The Provincial Advisory Team (PAT) has identified the following Considerations that may require particular focus by school boards and partnerships implementing the Connections for Students model. Each consideration categorizes a summary of experiences that occurred during the implementation of the Collaborative Service Delivery Model (CSDM) for Students with Autism Spectrum Disorder Phase 2, and include potential recommended solutions provided by the PAT that may be helpful to school boards and AIP providers in the ongoing implementation of Connections for Students.
It is understood that each partnership has their own unique circumstances; therefore considerations identified are not a definitive list that school board and AIP partnerships may encounter during the provincial implementation of Connections for Students, nor do they reflect the realities of all partnership conditions. This provides an opportunity for the sharing of effective practices and approaches which PAT members have found to be useful when planning and implementing the Connections for Students model.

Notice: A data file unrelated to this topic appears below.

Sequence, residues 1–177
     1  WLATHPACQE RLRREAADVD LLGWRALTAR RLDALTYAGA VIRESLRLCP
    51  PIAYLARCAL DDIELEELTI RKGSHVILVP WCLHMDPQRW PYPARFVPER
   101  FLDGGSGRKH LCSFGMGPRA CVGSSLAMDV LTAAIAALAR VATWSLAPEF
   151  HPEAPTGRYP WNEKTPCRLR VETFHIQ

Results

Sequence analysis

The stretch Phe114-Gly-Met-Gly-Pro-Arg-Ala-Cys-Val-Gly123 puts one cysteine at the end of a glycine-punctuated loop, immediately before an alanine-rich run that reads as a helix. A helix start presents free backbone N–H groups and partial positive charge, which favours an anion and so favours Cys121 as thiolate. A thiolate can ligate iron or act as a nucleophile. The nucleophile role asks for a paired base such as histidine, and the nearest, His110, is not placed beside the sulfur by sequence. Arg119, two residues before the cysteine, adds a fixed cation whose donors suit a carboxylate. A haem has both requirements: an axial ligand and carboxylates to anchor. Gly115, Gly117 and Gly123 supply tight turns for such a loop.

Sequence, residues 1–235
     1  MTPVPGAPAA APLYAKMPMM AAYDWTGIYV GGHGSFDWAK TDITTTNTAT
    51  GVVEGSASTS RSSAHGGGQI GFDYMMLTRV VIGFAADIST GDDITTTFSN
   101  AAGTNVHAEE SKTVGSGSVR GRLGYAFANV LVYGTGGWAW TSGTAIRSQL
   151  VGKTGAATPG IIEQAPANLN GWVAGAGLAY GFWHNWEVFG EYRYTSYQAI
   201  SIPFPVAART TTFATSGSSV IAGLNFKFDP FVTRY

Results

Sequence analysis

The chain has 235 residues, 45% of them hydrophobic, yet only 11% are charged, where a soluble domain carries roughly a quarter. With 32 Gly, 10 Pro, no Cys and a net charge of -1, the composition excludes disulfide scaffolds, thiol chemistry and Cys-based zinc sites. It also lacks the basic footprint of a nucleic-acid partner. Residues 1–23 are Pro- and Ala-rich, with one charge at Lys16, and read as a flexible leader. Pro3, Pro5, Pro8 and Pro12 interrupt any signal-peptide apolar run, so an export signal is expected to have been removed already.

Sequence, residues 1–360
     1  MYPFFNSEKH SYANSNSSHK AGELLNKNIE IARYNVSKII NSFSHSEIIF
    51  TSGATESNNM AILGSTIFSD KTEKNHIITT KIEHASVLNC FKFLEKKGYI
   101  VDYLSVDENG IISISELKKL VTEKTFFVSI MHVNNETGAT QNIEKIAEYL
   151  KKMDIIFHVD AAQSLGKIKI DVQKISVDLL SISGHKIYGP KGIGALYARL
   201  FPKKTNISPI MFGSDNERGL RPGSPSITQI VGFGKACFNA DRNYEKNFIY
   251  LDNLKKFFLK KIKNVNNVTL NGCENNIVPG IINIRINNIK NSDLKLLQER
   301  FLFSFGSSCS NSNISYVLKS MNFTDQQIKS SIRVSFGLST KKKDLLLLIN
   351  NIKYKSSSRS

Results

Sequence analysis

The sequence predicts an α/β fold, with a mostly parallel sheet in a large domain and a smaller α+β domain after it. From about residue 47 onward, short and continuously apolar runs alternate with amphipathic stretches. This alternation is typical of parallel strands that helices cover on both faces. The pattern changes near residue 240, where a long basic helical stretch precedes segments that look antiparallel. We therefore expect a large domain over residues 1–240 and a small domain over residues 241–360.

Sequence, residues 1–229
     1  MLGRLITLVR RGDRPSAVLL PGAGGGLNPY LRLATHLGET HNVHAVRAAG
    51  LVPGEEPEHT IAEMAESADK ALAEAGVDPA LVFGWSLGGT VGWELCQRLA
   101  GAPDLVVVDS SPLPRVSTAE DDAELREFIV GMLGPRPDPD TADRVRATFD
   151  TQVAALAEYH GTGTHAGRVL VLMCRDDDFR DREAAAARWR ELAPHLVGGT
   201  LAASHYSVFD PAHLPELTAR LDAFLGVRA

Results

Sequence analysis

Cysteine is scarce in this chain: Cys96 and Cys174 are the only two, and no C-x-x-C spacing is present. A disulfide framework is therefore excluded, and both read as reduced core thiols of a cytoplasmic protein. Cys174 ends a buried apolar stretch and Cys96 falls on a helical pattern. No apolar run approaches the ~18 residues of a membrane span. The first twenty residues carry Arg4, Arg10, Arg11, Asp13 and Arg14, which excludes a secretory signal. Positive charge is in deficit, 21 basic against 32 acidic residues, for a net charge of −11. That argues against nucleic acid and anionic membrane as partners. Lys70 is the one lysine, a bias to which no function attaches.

Regular meetings can present a challenge for professionals and parents. Limited capacity of staff to attend transition meetings due to time commitments and human resources, as well as parents' limitations to attend meetings due to work, transportation or personal circumstances (financial, time and/or child care challenges) may result in scheduling difficulties.
Parents and school staff may have difficulty understanding the role and responsibilities of each transition team member as they shift into the Connections for Students process. Parents and team members may be entering new, changed or enhanced roles and required clarity about how these roles support and compliment each other.
Connections for Students team members may not agree on an area of importance for the student or on communication, format, or a particular decision to be made.